Environment Secretary issues a response to the situation in Whaley Bridge
In response to the situation in Whaley Bridge, the Environment Secretary has issued the following statement. The Environment Secretary will be chairing an emergency COBR committee later this afternoon with representatives from across government.
Environment Secretary Theresa Villiers said:
This morning I am receiving regular updates from the ground on the situation in Whaley Bridge and the fast action being taken by the police and other agencies.
Later today I will chair a meeting of the Government’s emergency COBR committee to make sure everything possible is being done to draw down water levels, fix damage to the dam and protect homes and businesses.
My thoughts are with those who have had to leave their homes and I would like to thank all emergency services, military personnel and all others for their continued hard work.
Environment Secretary visits Countryfile Live
Yesterday (1 August), the Secretary of State Theresa Villiers attended the first day of Countryfile Live at Blenheim Palace in Oxfordshire.
She delivered a speech alongside Hilary McGrady, Director General of the National Trust, as well as visiting several stands and meeting young environmentalists Bella Lack, Dara McAnulty and Arjun Dutta.
In her speech she set out her priorities as Environment Secretary, including maximising the opportunities of Brexit and driving forward the Agriculture Bill and Environment Bill – two critical pieces of legislation with a strong focus on sustainability, biodiversity and the natural environment.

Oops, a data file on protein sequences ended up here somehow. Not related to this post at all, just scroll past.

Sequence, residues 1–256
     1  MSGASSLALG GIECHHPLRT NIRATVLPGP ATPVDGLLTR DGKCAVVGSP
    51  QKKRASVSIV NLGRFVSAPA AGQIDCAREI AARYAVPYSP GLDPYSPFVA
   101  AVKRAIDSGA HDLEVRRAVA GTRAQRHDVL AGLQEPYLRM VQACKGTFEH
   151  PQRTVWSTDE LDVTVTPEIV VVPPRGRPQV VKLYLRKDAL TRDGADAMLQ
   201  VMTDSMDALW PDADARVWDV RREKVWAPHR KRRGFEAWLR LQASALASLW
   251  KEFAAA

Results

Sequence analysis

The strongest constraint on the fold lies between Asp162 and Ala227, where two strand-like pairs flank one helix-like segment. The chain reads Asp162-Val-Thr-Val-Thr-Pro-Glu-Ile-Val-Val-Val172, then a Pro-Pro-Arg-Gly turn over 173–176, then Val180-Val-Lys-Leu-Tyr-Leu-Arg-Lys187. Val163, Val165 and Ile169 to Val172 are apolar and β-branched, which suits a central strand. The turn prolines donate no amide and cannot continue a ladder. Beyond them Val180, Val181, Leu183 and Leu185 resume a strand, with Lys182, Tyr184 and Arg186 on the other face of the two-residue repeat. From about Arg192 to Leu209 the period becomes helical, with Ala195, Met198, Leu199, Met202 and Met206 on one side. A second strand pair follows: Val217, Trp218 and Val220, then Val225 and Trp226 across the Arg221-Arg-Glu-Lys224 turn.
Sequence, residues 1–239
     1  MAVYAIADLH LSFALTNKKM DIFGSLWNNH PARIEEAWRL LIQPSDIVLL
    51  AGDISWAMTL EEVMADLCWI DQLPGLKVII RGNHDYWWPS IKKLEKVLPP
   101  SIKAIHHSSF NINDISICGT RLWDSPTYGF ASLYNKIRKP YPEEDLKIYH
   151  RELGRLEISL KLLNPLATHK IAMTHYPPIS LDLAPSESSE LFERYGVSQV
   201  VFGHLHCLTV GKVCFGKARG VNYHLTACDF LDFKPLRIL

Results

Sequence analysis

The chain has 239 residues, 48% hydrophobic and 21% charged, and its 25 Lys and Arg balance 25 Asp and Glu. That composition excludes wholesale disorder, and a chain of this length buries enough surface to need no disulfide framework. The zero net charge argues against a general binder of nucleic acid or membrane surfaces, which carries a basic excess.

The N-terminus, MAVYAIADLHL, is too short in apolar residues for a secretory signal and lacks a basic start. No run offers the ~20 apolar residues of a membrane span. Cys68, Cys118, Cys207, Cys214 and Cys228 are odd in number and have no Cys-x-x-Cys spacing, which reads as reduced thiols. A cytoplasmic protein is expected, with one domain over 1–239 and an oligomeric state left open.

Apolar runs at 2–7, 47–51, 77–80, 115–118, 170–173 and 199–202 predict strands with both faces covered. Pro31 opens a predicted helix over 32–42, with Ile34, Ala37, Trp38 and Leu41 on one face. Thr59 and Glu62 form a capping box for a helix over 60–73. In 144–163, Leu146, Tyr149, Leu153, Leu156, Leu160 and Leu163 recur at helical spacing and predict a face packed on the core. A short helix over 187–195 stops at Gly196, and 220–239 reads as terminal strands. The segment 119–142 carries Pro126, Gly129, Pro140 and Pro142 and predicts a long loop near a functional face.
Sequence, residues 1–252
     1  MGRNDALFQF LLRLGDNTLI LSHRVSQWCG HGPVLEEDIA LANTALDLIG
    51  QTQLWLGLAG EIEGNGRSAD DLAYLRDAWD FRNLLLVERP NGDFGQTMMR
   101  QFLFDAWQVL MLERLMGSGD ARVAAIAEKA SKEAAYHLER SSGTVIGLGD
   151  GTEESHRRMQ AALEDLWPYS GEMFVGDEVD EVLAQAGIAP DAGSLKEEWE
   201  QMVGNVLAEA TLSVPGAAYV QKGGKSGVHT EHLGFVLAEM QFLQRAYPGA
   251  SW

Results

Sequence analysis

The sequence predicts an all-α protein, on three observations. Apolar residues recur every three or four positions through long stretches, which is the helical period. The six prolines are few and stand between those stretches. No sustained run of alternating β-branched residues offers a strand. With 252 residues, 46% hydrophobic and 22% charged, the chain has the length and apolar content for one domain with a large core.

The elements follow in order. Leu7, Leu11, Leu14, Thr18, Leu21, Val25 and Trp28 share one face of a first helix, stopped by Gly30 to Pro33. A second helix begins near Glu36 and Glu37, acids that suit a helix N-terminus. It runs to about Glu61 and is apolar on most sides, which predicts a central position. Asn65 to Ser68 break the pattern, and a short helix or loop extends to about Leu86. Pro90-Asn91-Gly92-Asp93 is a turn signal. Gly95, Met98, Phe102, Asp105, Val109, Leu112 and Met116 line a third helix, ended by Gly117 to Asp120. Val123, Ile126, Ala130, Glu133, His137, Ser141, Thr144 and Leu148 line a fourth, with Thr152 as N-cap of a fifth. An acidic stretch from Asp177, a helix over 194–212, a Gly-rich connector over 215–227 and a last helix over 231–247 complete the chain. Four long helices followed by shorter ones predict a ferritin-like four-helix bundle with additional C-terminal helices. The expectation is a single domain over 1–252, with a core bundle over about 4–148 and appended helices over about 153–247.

You can read her full speech on gov.uk.
Defra supports RSPCA report on stamping out “appalling trade” of illegal puppy farming
Today there has been coverage on BBC News Online, the Daily Telegraph and Unilad off the back of an RSPCA report published yesterday describing increases in reports of illegal puppy farms over the past decade.
New figures from the RSPCA revealed that reports of illegal puppy farming have risen almost five-fold in England in the last decade, with the RSPCA claiming it received 4,357 calls in 2018 alerting it to potential cases in England.
The coverage includes new government restrictions on puppy farming, outlining the restraints Lucy’s Law will be placing to prevent the “appalling” trade of illegal breeding. The law will strive to stamp out illegal breeding in which puppies are often reared in dirty conditions, without any food or water. Defra is also increasing the maximum custodial penalty for animal cruelty from 6 months imprisonment to 5 years’ imprisonment.
A Defra spokesperson said:
There is no place in this country for animal cruelty and we are committed to stamping out the appalling trade of puppy farms.
This is why we have recently updated the law to include strict new minimum welfare standards for licensed dog breeders and sellers of pet animals. We have also introduced Lucy’s Law, which will ban the third party sale of puppies and kittens from April 2020, to give our animals the best possible start in life and protect the public from being tricked by unscrupulous sellers.
This is all part of our plan to make this country the best place in the world for the protection and care of animals which includes our increasing of the maximum custodial penalty for animal cruelty from six months’ imprisonment to five years’ imprisonment.
We advise anyone thinking of buying a puppy to follow the advice in the RSPCA report or to consider using the Kennel Club’s Assured Breeder Scheme (ABS)